Things to Do in San Sebastian
Wrapped around three glorious beaches - the perfect bays of La Concha and Ondarreta, as well as less visited Playa la Zurriola across the Urumea River - San Sebastián is already a privileged local. Add exquisite Isla Santa Clara, with its own pretty coves at low tide (swim across, or take a small boat), and epic mountains all around, and you have the finest setting for a city imaginable.
San Sebastián lives up to its surroundings with absolute pleasure. The colorful nightlife districts, lining the sea, attract the majority of revelers with fine wine and the Basque Country's best cuisine. Architecture and history buffs will enjoy the Old City, with neighborhoods dating to the Renaissance, and newer but no less lovely churches and municipal buildings.
The atmosphere is festive, the setting absolutely stunning, and the scene a mix of the modern and traditional. This is definitely the Basques' top spot for a classic beach vacation.
Constitution Square sits in the heart of San Sebastián’s old quarter. Since its construction in the early 1800s, it has served as the city’s main square, but perhaps most interestingly as a bullring. You can still see remnants of this today: look above each of the balcony windows, where you’ll spy numbers denoting the former bullring boxes once rented by spectators.
Though the bullfights long ago moved to the city’s proper Plaza de Toros, Constitution Square (or Plaza de la Constitución in Spanish) still hosts some of San Sebastián’s biggest events. The most famous of these is no doubt the start and finish – marked by the flag raising and lowering -- of the parade- and drum-filled Tamborrada, which takes place yearly on January 20th. Events aside, the main square, which is dominated by the municipal library, resides in a part of town blanketed by a web of narrow medieval streets, each dotted by Basque Country’s answer to the tapas bar: the pintxos bar.
Lying between El Muelle harbor and the River Urumea, San Sebastian’s Old Town has its origins in medieval times although it was largely rebuilt following the large-scale destruction of the city by fire in 1813.
By day the Old Town is a maze of charismatic alleys and clusters of townhouses hosting the city’s chaotic daily Pescadería (fish market). The Municipal Museum San Telmo, the fine Gothic church of St Vincente and the Baroque basilica of Santa María del Coro are also found here, and much of the incessant action centers around the dynamic Plaza de la Constitución. This arcaded and balconied square was once a bullring and by night it buzzes with laughter and chatter from the numerous crowded bars and restaurants; this is the best place to sample pintxos, the famous Basque-country tapas of bite-size snacks on bread with typical toppings including peppers, tortilla, garlic prawns or cod.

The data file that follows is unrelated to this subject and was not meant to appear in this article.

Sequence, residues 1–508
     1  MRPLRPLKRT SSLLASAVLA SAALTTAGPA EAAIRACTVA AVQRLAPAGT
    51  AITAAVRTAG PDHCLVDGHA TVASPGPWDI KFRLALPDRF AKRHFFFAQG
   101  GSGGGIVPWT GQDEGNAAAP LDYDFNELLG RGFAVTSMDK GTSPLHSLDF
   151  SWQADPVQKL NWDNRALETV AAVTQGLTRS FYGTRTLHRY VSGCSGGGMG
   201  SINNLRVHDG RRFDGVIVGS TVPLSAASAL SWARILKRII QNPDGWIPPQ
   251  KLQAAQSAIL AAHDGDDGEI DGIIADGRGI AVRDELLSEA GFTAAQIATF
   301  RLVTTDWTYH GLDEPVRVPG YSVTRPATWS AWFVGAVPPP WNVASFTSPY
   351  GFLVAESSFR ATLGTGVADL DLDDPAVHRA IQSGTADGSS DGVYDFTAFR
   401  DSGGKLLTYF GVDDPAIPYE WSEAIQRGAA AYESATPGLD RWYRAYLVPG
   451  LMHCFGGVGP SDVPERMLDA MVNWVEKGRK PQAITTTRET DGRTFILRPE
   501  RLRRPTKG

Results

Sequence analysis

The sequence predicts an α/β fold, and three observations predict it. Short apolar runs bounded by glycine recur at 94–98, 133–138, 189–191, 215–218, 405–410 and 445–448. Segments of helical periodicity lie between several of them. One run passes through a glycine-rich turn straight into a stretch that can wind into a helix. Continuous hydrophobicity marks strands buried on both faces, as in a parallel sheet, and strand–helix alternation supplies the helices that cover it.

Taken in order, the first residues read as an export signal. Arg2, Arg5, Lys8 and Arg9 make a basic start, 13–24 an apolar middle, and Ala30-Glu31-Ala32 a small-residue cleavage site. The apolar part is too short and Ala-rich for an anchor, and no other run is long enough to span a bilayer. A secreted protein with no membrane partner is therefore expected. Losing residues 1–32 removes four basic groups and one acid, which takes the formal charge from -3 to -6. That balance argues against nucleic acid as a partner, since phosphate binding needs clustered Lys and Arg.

San Sebastian’s main crescent-shaped beach is of softest sand and punctuated at both ends by craggy hills: Monte Urgull to the east and Monte Igueldo to the west. Translating into English as ‘the shell’, La Concha was fundamental in the incarnation of San Sebastian as an elegant seaside resort favored by Spanish royalty back in the 19th century.
The beach fills to bursting in the summer, when the bumpy waters of the Bay of Biscay are calm and pleasantly warm to swim in. Lifeguards are always on duty and there are showers and other facilities on the beach, making it safe and easy for families to enjoy a day on the sand. Two floating pontoons out in the bay are just the spot for sunbathing; beyond them the small, rocky islet of Santa Clara has a tiny beach that is a prime picnic spot and can be reached by motorboat or hired canoe. Now backed by formal gardens, a brightly painted carousel, and a row of charming hotels, seafood restaurants and bars.
One of the two headlands that bookend the sweep of San Sebastian’s sandy La Concha Bay, Monte Igueldo stands to the west of the town and is the perfect vantage point for panoramic views over the rocky islet of Santa Clara toward the hump of Monte Urgull at the east end of the beach.